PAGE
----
The company's Gmail e-mail system is widely viewed as the best such service. Google Voice offers phone numbers and voicemail services, among other features. Google Wave is looking to revolutionize how users communicate via e-mail.
And the most highly watched is Google's entry into telecommunications with the Google Phone. The company previously had been content to develop its mobile operating system Android, which is on the hot new Droid phone from Motorola.
But now Google is working on a phone called Nexus One. The handset is being tested by Google's 20,000 employees, who received the device earlier this month. It is expected to go on sale early next year.
Network television as it's known today might be on the cusp of major changes.
Cable giant Comcast recently announced its purchase of a majority stake in NBC Universal. The move gives Comcast ownership of more movies and TV shows, offering it a position of strength if fewer people sign up for its cable TV services and watch more video online.
Comcast's hard-wired delivery system serves a quarter of the nation's pay TV households and isn't about to be thrown overboard, but Comcast has decided it must be much more than a cable TV provider. Even after acquiring or developing cable TV channels including E! and Golf Channel, cable TV and other services running through Comcast's pipes make up 95 percent of its revenue. That would drop to 65 percent if the NBC Universal deal goes through, giving Comcast control of the Peacock network; cable channels such as USA, Bravo and Syfy; and the Universal Pictures studio.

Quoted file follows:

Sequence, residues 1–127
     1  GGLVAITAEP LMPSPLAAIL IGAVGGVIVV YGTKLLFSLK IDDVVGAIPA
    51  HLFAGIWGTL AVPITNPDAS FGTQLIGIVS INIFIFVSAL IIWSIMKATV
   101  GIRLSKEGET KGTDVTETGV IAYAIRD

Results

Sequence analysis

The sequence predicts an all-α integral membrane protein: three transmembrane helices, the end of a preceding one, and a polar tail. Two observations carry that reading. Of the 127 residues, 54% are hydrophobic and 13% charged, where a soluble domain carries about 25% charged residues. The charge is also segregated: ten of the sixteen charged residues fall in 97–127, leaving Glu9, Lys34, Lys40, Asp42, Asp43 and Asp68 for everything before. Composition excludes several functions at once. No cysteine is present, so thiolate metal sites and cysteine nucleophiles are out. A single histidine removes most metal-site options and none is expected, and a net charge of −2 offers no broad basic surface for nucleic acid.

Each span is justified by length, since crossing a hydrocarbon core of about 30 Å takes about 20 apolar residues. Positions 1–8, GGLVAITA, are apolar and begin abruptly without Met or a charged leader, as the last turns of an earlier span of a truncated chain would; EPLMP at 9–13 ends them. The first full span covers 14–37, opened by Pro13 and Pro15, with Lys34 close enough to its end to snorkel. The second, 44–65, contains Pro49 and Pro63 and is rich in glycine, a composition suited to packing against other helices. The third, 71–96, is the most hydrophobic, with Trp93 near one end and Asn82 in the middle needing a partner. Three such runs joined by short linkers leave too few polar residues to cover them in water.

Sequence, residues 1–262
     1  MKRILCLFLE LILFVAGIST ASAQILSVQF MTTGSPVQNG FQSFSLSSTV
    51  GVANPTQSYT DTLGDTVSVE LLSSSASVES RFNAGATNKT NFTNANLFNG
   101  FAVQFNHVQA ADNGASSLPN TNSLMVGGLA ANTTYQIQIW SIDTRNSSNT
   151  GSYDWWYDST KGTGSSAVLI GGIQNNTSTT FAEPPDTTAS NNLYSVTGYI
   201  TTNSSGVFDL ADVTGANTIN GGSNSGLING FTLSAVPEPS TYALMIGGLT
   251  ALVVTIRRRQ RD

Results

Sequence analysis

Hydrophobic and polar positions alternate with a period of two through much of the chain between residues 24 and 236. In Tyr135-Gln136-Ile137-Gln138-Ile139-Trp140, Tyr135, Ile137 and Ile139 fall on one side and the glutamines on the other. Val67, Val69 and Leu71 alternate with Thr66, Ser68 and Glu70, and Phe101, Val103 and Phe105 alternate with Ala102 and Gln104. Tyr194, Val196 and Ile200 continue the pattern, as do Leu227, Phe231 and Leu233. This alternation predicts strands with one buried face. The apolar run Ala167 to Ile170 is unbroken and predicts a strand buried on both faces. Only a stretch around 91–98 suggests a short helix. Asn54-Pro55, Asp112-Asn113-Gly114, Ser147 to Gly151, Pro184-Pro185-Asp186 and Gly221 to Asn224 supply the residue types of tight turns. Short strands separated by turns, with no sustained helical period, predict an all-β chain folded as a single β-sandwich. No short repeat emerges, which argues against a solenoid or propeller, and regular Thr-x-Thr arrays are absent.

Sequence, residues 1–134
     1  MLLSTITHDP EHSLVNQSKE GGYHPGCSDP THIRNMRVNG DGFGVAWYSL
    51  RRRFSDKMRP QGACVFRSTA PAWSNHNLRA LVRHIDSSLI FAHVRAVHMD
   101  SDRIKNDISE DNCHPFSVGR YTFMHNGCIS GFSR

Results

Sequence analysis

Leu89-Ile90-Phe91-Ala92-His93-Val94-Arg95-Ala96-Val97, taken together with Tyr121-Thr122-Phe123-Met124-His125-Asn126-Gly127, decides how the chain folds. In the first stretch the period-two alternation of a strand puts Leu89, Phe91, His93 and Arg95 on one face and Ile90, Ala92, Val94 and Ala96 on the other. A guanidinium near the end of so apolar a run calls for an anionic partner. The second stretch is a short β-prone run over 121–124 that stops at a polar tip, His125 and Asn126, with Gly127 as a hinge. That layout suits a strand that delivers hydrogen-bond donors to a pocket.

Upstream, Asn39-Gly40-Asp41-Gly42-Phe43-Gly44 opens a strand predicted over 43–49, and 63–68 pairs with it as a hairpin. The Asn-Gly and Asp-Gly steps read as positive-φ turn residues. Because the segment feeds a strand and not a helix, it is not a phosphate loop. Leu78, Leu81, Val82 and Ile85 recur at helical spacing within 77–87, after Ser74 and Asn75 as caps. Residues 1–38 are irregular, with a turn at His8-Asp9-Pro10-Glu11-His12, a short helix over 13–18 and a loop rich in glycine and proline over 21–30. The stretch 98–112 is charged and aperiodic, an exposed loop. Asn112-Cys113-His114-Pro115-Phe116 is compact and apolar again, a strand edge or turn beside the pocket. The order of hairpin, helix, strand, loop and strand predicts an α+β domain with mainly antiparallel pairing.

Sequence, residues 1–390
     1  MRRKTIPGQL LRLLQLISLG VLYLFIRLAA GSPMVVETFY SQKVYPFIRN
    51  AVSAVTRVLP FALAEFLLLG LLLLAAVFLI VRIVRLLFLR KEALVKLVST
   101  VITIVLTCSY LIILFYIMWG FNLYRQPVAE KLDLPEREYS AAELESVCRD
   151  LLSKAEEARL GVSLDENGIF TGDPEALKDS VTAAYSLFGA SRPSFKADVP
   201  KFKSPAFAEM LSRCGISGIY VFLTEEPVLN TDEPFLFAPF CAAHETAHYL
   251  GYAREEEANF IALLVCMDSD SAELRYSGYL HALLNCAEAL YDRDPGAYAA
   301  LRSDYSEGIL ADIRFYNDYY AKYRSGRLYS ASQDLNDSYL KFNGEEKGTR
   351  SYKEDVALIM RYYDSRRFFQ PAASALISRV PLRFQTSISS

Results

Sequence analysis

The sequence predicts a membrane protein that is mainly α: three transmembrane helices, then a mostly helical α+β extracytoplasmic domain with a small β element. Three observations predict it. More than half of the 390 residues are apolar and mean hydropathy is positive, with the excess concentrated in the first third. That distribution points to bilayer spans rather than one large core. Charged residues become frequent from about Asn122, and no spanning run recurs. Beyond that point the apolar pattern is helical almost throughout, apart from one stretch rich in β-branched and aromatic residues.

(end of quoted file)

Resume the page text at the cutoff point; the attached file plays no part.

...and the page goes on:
And over time, cable TV figures to matter even less as people watch more video on PCs and cell phones, or through video game consoles connected to the Internet.
But the move has worried consumer rights groups and rival cable companies as they fear a Comcast-controlled company will be less likely to negotiate with rivals about carrying NBC and Comcast-owned channels on their cable systems. Also, Comcast has been vilified by the tech crowd for its decision to monitor bandwidth used by customers and stop servicing those who use a large amount.